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Ability Versus Personality: Factors that Predict Employee Job Performance
Articles and Chapters
  • J. Bruce Tracey, Cornell University
  • Michael C. Sturman, Cornell University School of Hotel Administration
  • Michael J. Tews, Ohio State University
Publication Date
8-1-2007
Abstract

All hospitality operators want employees who can learn their jobs quickly and have personality traits that allow them to maintain their performance over time. Unfortunately, it is not always possible to find individuals who possess all of the desirable attributes, and thus, some degree of compromise is generally required. The prevailing view is to select those with great personalities and then train them for the technical job requirements. However, strict adherence to this perspective is not advisable. The study presented in this article found that both general mental ability and conscientiousness are important for predicting the performance of restaurant employees on the front line. Moreover, it appears that these two individual characteristics are important at different stages of an employee's job tenure. Using data from 241 line-level restaurant employees, the study found that general mental ability was a better predictor of performance for new employees, whereas conscientiousness was a better predictor of performance for experienced employees. These findings have direct implications for staffing decisions, as well as new employee training and development and performance management.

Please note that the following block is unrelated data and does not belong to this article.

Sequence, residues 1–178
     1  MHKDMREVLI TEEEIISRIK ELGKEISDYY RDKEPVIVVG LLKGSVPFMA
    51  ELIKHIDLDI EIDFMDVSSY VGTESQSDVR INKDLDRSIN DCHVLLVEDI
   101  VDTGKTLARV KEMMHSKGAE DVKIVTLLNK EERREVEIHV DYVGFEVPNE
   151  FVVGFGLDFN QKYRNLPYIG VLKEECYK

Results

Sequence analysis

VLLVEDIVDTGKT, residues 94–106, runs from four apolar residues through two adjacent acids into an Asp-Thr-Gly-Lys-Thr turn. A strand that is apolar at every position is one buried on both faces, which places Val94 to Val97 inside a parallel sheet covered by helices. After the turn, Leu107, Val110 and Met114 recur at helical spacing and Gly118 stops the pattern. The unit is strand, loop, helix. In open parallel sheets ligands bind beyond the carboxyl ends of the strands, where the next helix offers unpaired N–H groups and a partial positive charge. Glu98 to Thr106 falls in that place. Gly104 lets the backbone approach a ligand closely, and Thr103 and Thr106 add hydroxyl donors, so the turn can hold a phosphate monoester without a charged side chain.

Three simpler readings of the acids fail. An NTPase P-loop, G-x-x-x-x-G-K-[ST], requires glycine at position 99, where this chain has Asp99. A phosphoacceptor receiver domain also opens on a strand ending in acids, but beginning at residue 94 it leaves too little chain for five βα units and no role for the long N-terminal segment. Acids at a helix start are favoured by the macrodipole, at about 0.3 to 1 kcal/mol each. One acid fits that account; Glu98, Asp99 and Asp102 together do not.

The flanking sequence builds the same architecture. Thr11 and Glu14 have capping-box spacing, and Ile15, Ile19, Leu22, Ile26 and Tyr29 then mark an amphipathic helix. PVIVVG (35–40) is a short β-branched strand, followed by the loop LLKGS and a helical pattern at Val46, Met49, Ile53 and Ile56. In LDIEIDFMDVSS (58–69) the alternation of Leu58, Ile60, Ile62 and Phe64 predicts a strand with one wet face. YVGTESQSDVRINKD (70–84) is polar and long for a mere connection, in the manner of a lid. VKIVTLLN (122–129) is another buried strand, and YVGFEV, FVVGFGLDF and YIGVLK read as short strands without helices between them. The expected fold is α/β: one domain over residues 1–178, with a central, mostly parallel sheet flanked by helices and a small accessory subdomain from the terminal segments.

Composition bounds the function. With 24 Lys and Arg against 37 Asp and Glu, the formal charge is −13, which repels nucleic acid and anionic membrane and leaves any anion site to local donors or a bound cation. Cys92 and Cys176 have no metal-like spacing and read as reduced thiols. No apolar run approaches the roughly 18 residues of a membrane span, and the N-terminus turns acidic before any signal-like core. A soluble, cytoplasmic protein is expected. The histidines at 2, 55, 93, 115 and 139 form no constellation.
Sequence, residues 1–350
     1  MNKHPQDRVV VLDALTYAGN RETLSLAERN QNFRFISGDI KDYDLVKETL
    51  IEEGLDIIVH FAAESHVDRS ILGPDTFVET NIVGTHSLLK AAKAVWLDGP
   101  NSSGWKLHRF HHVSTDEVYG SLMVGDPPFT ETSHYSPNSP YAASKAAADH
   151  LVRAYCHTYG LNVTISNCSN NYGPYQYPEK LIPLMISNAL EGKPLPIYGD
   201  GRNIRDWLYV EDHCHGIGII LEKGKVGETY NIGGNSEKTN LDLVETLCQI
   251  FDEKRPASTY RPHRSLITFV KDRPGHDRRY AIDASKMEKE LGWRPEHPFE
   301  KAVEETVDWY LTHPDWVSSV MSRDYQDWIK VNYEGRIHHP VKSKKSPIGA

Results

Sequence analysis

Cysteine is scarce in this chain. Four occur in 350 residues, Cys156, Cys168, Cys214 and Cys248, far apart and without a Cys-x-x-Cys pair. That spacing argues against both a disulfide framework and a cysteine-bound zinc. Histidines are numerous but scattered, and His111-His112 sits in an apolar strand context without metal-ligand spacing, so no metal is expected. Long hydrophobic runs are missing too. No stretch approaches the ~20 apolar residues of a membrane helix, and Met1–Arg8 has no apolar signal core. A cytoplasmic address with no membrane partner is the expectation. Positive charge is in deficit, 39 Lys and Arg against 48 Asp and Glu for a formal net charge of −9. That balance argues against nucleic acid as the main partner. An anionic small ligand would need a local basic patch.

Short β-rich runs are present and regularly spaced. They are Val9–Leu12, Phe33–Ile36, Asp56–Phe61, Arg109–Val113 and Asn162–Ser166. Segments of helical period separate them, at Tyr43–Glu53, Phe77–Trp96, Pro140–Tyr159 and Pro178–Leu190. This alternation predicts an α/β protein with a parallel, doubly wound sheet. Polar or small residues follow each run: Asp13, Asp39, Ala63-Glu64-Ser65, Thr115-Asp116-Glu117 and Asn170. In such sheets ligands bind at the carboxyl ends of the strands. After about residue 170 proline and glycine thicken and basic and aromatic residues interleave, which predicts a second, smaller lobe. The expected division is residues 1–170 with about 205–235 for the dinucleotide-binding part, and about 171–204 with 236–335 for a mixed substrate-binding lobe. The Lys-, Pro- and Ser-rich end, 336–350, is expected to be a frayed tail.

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© Cornell University. Reprinted with permission. All rights reserved.

Citation Information

Tracey, J. B., Sturman, M. C., & Tews, M. J. (2007). Ability versus personality: Factors that predict employee job performance. Cornell Hospitality Quarterly, 48(3), 313-322. Retrieved [insert date], from Cornell University, School of Hospitality Administration site: http://scholarship.sha.cornell.edu/articles/295/